Christian missionaries, ‘conversion’

Why does a preacher propagate religion (“Christian missionaries have legal right to promote their religion, Tamil Nadu tells Supreme Court”)? Because he considers his religion superior. It is not acceptable. Every faith is above board. None has right to criticise religion. Respect all religions. – Brijesh Barthwal


Article 25 clearly says that individuals can freely choose the religion. But the Constitution did not talk about “group of persons under an umbrella or missionaries or more than one individual”. So this argument does not hold water and there is always a hidden agenda, which is why it is resisted. – Sekar Subramanian


In one state, the prime minister talks to Christian church authorities and assured his full support to their community in the country and in another state Christians are harassed by some groups and police arrested the Christians for organising prayers (“Alleging religious conversion, mob vandalises Christian prayer service in Chhattisgarh”). Why the double standard? – Narendra Agarwal

50 years of Kesavananda Bharati

The article by CK Faisal (“50 years ago, the SC ruled on the Constitution’s basic structure. What went on behind the scenes?”) enlightened us on the Supreme Court’s ruling on the basic structure of the Constitution. It traced what all happened in open forums and behind the scenes at the time of the landmark ruling and what has happened since then. The epic clash between the Supreme Court and the Parliament, or, perhaps more precisely, the “government of the day” described in the article in a lucid style read like a gripping story.

Justice Joseph’s observation that “even constitutional amendments brought with an absolute majority cannot take away the basic structure” affirms the inherent strength of the Constitution to be the land’s Law for many more years and decades and even centuries to come. It is also a tribute to the genius and wisdom of the founding fathers and Dr BR Ambedkar in particular.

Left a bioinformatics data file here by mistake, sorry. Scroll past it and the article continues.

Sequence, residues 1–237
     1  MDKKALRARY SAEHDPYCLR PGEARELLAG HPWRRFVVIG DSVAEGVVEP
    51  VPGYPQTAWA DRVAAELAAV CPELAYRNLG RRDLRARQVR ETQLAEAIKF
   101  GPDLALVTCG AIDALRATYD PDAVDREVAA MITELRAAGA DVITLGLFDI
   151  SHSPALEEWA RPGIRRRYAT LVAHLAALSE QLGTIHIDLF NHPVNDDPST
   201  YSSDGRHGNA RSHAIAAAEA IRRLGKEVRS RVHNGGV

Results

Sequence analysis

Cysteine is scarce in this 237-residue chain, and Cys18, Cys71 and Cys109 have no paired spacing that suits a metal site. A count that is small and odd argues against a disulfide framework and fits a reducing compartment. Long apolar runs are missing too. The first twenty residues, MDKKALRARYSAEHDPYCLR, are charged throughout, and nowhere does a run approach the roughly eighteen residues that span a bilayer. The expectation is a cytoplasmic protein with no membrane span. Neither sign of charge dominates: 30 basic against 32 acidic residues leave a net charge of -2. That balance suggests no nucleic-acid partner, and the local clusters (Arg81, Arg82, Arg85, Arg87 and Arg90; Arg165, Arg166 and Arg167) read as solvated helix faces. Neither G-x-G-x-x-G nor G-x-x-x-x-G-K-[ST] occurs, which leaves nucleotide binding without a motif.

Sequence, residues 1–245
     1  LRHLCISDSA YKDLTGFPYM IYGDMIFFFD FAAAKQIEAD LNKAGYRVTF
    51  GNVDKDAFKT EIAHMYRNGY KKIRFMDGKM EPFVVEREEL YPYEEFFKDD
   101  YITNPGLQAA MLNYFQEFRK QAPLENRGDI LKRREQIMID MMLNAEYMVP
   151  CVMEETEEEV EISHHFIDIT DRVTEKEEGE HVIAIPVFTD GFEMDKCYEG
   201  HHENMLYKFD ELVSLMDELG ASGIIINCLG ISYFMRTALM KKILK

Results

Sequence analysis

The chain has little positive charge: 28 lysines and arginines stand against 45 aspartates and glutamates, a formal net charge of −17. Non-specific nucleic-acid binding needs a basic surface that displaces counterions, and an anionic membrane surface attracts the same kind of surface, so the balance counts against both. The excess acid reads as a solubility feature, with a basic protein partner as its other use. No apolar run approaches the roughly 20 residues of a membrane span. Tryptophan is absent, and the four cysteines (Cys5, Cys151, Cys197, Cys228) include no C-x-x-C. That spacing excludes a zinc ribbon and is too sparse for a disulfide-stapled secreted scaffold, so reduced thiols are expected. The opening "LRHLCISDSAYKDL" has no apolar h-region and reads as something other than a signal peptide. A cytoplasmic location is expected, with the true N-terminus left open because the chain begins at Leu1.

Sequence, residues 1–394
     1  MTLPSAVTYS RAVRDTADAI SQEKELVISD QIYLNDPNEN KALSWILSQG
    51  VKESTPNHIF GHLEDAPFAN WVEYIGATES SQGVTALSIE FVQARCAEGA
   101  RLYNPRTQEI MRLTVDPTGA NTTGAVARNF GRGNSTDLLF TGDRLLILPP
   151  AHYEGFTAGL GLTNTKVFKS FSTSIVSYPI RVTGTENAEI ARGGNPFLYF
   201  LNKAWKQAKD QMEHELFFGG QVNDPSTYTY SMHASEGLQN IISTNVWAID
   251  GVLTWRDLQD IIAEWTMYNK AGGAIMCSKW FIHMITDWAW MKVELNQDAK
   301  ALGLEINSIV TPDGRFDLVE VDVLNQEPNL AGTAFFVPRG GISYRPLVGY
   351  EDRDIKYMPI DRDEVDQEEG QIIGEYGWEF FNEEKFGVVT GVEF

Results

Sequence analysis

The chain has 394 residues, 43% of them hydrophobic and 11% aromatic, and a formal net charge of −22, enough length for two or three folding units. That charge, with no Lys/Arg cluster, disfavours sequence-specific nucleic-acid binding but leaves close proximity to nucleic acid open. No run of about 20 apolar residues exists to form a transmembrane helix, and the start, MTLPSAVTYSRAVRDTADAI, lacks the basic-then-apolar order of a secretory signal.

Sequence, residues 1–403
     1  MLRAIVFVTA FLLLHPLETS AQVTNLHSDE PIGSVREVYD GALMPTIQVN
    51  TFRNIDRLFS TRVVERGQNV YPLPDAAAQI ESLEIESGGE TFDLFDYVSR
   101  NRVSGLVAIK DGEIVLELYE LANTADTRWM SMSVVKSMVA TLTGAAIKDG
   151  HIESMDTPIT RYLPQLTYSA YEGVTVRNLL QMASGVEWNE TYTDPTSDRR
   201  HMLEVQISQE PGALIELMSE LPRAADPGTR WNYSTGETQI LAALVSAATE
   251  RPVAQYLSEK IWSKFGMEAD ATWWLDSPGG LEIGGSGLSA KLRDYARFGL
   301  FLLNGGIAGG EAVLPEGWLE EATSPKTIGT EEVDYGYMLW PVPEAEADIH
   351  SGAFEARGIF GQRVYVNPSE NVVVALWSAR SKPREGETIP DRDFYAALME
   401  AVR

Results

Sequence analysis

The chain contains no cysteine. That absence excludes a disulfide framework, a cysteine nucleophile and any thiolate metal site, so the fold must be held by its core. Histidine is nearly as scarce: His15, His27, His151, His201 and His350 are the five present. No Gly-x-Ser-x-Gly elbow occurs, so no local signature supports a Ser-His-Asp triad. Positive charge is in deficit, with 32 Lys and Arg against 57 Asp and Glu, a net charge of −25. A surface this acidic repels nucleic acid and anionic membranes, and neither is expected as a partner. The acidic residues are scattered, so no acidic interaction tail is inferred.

The article was informative; from it we learnt that “the question of whether fundamental rights are included in the basic structure of the Constitution remains unanswered even today”. Given the fact that the notions of equality and liberty underpin the fundamental rights, one wishes that they are deemed to be an intrinsic part of the basic structure of the Constitution. If at all they are to be amended, it should be for further strengthening them commensurate with the ideals of freedom and democracy.

The power to decide on it should be vested in the country’s top court by virtue of the role it plays and is to play as the “custodian of the Constitution”. While the paramountcy of the will of the people is beyond question, it should be distinct from the “tyranny of the majority”. It is important to keep the powers of the Parliament and the Supreme Court in balance to secure the best out of both. It falls on both to uphold the Constitution and translate its true inwardness into action to benefit the mass of Indian humanity. Paying obeisance to it as the “holy book” alone won’t do. – G David Milton